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Taking Liberties press reviews

Complete list of press and online reviews, and other significant coverage, of the exhibition, which ran from 31 October 2008 to 1 March 2009

Heads will roll

"Charles I's death warrant... is one of the highlights of the library's much-praised exhibition... a reminder of how the rights and freedoms enjoyed in this country have had to be struggled for, sometimes violently. "
The Independent, 31 Jan 2009
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A lesson for the MPs

"Our MPs should be frogmarched from their ivory tower to inspect this exhibition. They will see how many people, over hundreds of years, fought and died for the freedoms these politicians are so readily and carelessly giving up"
Letter to the Independent, 29 Jan 2009
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Go east, young man

"One of the most powerful demonstrations of our history and its consequences that you could ever witness... awe-inspiring... Don't take my word for it, go and see for yourself"
David Drew, Stroud News and Journal, 27 Jan 2009
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Thorn of plenty

"A thoroughly thought-provoking exhibition and one that traces a remarkable history of the fight for liberty right up to the thorny topics of the day"
LondonTown.com events guide 2008–09
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Muddle-class society

"A rich and absorbing show, of enormous educational value - every secondary school in the land would benefit from a visit - and full of interesting and revealing titbits and insights. The return of the Jews (expelled in 1190), for example, offers a nice illustration of the English way of muddling through..."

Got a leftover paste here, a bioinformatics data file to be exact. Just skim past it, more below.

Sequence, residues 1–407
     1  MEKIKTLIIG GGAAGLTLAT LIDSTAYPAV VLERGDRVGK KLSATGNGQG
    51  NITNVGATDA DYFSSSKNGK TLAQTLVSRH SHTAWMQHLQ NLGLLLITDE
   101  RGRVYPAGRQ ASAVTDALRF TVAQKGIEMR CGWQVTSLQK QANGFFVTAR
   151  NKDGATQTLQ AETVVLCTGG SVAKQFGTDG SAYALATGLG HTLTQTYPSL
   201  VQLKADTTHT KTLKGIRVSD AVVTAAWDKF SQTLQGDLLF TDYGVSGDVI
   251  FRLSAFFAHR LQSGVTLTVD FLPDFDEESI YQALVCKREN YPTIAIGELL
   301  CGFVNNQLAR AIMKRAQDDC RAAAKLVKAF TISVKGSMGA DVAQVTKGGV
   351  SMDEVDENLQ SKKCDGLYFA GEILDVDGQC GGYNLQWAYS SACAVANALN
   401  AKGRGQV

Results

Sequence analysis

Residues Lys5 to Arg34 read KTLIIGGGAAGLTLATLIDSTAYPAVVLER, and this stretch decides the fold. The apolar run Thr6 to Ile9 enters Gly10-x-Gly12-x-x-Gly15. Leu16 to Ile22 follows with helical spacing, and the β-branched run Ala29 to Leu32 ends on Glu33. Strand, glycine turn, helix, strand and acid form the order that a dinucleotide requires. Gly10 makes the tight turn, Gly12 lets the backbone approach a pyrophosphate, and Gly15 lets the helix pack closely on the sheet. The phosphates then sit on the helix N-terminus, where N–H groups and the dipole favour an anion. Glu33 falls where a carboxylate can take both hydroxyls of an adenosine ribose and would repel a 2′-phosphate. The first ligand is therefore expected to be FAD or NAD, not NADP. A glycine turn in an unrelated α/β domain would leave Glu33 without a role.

Daniel Nelson, OneWorld.net, 19 Dec 2008
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Pointed comments

"Excellent, often inspiring... Released from overly strict chronological constraints, individual exhibits are given room to breathe... Everywhere you look, famous, history-defining documents abound."
Tim Black, Spiked, 26 Nov 2008
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Wake-up call

"The exhibition itself is brilliant. People are queuing to see the... myriad pages of paper and ink that have made us who we are and able to sleep soundly in our beds without fear of arbitrary imprisonment without trial. Or so I think. Shami [Chakrabarti] soon puts me right..."
Joan Bakewell, New Statesman, 13 Nov 2008
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Secret ballots: a charter for the irresponsible

"Of one thing you can be sure: no one will ever be able to connect the opinions you reported [in the exhibition's voting interactive] with the real you... What happens when people are completely free to express their opinions? When there is not only no practicable means of censorship, but also no way of tracing opinions back to the individual who uttered them? This is of course how life is on the internet, as well as at the show at the British Library; and the conclusion is not particularly comforting."
Jonathan Rée, the Guardian, 12 Nov 2008
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A beginner's (and tabloid editor's) guide to Human Rights

"Britain has made a greater contribution to liberty than any other country, as the current exhibition at the British Library emphasises. It is time that we expressed our rights in the language of Milton and Shakespeare, in precedents we find from the Levellers, John Wilkes, and Tom Paine, and in a remarkable declaration drafted in 1939 by HG Wells, JB Priestly [sic], and AA Milne from Pooh Corner. Then, even editors of the tabloids might understand them."